Growth hormone’s influence on neuropsychiatric disorders
The discovery of a mechanism involving anxiolytic effects of GH may lead to the development of new classes of anxiolytic drugs.
Scientists at the University of São Paulo (USP) have gained a better understanding of growth hormone’s (GH) role in mitigating anxiety and have also identified the population of neurons responsible for modulating the influence of GH on the development of neuropsychiatric disorders.
GH is secreted by the pituitary gland into the bloodstream, promoting tissue growth throughout the body by means of protein formation, cell multiplication and cell differentiation. It is also a powerful anxiolytic. Supported by the Sao Paulo Research Foundation (FAPESP), the researchers found that male mice lacking the GH receptor in a group of somatostatin-expressing neurons showed increased anxiety. Somatostatin is a peptide that regulates numerous physiological processes, like the release of GH and other hormones.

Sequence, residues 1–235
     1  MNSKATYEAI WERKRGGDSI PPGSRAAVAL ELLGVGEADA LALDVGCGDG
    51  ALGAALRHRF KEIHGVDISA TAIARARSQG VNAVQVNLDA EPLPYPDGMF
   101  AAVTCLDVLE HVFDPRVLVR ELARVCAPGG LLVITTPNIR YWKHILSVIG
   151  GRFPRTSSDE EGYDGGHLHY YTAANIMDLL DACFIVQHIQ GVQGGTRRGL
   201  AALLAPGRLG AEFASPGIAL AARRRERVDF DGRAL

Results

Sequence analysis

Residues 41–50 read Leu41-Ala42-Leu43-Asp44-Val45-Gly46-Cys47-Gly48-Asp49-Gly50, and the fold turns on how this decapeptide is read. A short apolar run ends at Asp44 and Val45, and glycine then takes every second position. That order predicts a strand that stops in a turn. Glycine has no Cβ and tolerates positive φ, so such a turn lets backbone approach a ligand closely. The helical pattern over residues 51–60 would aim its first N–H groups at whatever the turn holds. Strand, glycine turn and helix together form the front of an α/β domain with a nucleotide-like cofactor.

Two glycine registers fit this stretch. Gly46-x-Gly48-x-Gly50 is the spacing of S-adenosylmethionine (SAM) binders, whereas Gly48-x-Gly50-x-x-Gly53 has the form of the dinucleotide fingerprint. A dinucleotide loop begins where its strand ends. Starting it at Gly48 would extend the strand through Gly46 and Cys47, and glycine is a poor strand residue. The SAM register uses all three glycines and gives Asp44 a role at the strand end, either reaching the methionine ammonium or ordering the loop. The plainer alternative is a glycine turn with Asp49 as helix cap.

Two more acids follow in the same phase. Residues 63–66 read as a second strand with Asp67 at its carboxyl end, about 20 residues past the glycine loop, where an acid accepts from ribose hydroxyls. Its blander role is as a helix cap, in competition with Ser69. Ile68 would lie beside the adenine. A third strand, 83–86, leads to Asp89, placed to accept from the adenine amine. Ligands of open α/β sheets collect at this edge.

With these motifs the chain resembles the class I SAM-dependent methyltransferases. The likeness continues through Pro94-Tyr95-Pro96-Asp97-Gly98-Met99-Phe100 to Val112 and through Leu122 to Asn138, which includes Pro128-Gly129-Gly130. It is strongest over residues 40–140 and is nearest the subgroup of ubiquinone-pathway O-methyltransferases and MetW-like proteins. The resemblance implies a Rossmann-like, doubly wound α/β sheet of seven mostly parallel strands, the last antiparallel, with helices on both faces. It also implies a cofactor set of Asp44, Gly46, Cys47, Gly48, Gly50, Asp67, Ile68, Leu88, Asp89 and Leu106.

Also, they found that the absence of the GH receptor in somatostatin-expressing neurons decreased fear memory, a key feature of post-traumatic stress disorder, in males and females. This discovery could contribute to the development of new classes of anxiolytic drugs.
Dr José Donato Júnior, the last author of the article and a professor at USP’s Biomedical Sciences Institute (ICB-USP), stated: “Our discovery of the mechanism involving anxiolytic effects of GH offers a possible, merely chemical, explanation for these disorders, suggesting why patients with more or less GH secretion are more or less susceptible to them.”
In the study, the researchers conducted three types of experiment involving mice: open field, elevated plus maze, and light/dark box. These well-established experiments for analysing behaviour tested the animals’ capacity to explore the environment and take risks.
The study’s findings did not suggest any reasons for the lack of increased anxiety-like behaviour in female mice. Donato detailed: “We believe it may be related to sexual dimorphism. We know the brain region containing the neurons we studied is a bit different in males and females. Some neurological disorders are also different in men and women, probably not by chance.”